Special Event Pictures
Malibu Beach Workout 2015
Winter Gasshuku - Claremont Loop Trail - January 2018
Workout in the Park - Memorial Park, Claremont - March 2018
Relay For Life - May 2018
On May 19, 2018 some members of the USKL dojo participated in the Claremont/La Verne Relay for Life organized by Paul and Jennifer Alverez (former senior USKL students). We were part of Team Sultana/Walking Warriors and we gave a karate demonstration for the participants at the Relay. We captivated the audience while demonstrating basics, progressives, kata, kumite waza, and sparring. At the end of the demonstration we led a lap around the event track area to the tune of “Kung Fu Fighting” to send cancer the message that we plan to kick its butt. USKL demonstration participants included: Senseis Ty, Lynn Aponte (cancer survivor), James Augur, and Leo Shortle, and Laura St. Martin, Devin Voiles, Ivan La Rache and Ian Li. Sensei Christie Villa Kramer carried the baton around the track, cheer-led and took pictures.
Spring Gasshuku - Big Bear Lake - May 2018
Special Training with Jeff Klein, DAC May 31, 2018
On Thursday, May 31, Defense Arts Center was fortunate to host as guest instructor Sensei Jeff Klein.
Sensei Klein is not only one of the most senior karateka still practicing in Shotokan Karate of America (SKA), but was a legendary tournament fighter throughout the 1970’s in both national and international venues, besting many of the toughest and most celebrated fighters in the world. Sense Klein received his Yodan ranking from Ohshima Sensei personally in 1976.
Sensei Klein is one of those rare practitioners who are constantly evolving, polishing and improving their execution and understanding of karate and the martial arts. In addition to an encyclopedic knowledge of the history and important players in Shotokan karate, as well as other disciplines, Sensei Klein is a deep and innovative thinker on the meaning and applications of kata and the ‘basic’ movements we all take for granted. For instance, Sensei Klein has long maintained that instead of kata being a fight against multiple, albeit very stupid or polite and patient opponents, during kata you are facing ONE opponent and constantly moving them around, pulling, pushing, grabbing, throwing, breaking joints and striking this one opponent throughout the kata.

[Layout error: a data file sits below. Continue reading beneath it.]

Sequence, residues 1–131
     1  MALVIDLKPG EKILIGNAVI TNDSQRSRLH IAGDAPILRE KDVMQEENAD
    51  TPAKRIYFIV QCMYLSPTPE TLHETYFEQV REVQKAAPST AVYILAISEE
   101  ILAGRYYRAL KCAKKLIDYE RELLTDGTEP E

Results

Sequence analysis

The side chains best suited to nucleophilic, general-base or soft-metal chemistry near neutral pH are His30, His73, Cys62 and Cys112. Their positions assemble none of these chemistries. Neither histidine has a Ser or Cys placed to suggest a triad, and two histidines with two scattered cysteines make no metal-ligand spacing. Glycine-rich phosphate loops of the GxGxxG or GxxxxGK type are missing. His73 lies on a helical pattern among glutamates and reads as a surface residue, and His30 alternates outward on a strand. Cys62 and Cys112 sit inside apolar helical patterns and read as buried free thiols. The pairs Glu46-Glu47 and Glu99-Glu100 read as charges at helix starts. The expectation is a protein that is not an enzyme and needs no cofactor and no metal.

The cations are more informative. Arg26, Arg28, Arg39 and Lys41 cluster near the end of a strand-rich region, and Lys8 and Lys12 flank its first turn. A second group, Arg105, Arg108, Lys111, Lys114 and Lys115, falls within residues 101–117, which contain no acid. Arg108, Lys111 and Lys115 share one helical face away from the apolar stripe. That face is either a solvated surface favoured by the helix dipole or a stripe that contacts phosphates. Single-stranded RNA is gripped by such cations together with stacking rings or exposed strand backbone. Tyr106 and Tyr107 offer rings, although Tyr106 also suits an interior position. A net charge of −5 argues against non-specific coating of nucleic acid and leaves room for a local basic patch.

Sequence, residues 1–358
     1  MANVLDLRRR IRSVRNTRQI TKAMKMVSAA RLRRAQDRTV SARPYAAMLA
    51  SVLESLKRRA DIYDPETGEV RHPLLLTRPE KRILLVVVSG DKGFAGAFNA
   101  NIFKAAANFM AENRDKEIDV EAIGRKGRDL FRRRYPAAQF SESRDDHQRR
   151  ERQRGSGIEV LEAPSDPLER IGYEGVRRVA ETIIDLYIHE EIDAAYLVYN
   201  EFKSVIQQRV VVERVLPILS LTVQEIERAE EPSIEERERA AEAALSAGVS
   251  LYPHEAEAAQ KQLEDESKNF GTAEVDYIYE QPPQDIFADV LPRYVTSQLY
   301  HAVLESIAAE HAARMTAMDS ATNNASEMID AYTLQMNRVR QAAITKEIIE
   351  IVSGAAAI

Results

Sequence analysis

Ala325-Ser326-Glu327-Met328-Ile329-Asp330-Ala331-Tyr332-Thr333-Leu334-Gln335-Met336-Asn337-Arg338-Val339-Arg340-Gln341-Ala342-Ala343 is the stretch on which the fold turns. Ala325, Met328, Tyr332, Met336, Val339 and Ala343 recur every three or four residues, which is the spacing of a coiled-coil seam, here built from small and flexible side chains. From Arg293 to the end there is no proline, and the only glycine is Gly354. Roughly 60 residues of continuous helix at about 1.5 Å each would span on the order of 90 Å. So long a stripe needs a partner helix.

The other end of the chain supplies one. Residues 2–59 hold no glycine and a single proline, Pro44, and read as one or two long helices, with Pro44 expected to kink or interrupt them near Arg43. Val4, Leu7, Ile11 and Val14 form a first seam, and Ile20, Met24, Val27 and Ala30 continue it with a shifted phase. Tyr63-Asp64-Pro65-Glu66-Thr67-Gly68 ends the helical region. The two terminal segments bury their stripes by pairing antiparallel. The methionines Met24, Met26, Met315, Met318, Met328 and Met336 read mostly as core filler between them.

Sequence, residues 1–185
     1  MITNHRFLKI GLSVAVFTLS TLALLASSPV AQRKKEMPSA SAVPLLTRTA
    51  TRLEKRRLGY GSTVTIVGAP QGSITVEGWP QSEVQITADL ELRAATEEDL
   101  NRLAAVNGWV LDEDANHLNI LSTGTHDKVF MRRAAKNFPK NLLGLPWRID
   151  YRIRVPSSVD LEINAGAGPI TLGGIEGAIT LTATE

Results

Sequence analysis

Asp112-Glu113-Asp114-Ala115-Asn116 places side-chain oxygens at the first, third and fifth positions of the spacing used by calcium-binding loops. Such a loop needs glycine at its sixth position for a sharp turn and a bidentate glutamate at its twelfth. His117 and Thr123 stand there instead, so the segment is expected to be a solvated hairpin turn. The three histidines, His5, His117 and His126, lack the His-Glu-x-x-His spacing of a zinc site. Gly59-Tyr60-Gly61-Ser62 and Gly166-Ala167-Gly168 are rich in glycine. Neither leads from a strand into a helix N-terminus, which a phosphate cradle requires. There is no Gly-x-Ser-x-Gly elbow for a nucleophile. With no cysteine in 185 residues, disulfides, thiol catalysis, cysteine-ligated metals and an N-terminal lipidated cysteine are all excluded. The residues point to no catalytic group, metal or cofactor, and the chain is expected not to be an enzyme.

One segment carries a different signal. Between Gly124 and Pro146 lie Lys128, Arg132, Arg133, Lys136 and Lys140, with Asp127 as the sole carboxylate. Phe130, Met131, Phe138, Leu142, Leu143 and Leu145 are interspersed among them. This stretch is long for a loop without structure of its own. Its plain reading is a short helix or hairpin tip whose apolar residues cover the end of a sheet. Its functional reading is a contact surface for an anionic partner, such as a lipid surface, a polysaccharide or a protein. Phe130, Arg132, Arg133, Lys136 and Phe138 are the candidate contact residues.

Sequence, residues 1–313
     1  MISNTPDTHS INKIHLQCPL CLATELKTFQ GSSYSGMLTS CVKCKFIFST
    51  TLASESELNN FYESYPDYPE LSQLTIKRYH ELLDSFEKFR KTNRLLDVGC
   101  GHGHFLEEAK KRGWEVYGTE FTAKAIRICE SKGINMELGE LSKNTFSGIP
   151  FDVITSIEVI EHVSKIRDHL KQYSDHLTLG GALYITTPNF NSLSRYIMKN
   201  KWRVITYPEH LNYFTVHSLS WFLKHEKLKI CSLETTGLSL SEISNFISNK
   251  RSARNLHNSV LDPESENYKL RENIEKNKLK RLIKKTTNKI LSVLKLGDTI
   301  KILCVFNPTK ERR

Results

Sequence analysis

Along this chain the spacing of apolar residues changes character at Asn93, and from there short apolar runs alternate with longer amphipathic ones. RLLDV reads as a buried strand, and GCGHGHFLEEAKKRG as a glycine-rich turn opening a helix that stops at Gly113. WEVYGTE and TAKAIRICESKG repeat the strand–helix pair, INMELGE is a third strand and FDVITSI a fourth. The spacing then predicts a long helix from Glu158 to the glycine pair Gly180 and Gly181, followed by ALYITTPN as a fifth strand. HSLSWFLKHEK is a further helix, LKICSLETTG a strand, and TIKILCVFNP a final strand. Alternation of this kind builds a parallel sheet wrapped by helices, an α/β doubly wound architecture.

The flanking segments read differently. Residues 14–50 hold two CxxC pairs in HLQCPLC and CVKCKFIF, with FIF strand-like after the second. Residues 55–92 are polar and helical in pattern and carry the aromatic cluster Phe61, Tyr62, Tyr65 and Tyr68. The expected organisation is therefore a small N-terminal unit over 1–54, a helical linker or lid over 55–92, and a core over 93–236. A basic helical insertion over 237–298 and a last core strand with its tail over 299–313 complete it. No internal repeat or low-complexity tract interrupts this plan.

Sensei Klein began the class utilizing movement in place of the traditional warm-ups. Throughout the class, Sensei Klein focused on Shuto-uke (sword hand block) as it is one of the most ubiquitous movements in our katas, as well as one of the least understood and utilized movements in non-kata applications.
We began by moving forward and backward with big and very loose and relaxed feeling in the basic fold up and execution of the block. We practiced many applications of shuto-uke with and without partners. Sensei Klein emphasized that BOTH hands are fully functional during engagements, pushing, pulling, striking and manipulating one’s opponent in order to both unbalance the opponent and gain an advantageous position or angle.
Sensei Klein emphasizes using both hands simultaneously in very realistic ways. Although our basic techniques are extremely important as a foundation and training method in order to understand the connections, stances and mind/body awareness, our karate must evolve beyond the basic techniques and understandings and utilize more sophisticated and fluid movements and manipulations of distance, timing and angles with our opponents.
We also practiced Heian Shodan, trying to employ our new understanding of using both hands, relaxed flowing movement and mentality, executing the kata both very slowly and very quickly, with continuous feeling.
After practice, Sensei Klein treated us to his own history of karate training, interweaving his very interesting story with many wise insights.
Later, a few of us, including Sensei Ty, Sensei Leo and Ariel Heyman went out for sushi wherein we were treated to some very captivating stories and observations regarding many of the most famous JKA legends, Sensei Klein’s ‘interaction’ with Bruce Lee, and other, perhaps, not for general consumption insider information about karate’s great Masters, fighters and iconic personalities. Extremely engaging and down to earth, Sense Klein is as fascinating and instructional off the practice floor as he is on it. Hopefully, we can entice him into returning for another class before he moves back to New York.
-- Sensei Tom Heyman (Yondan SKA)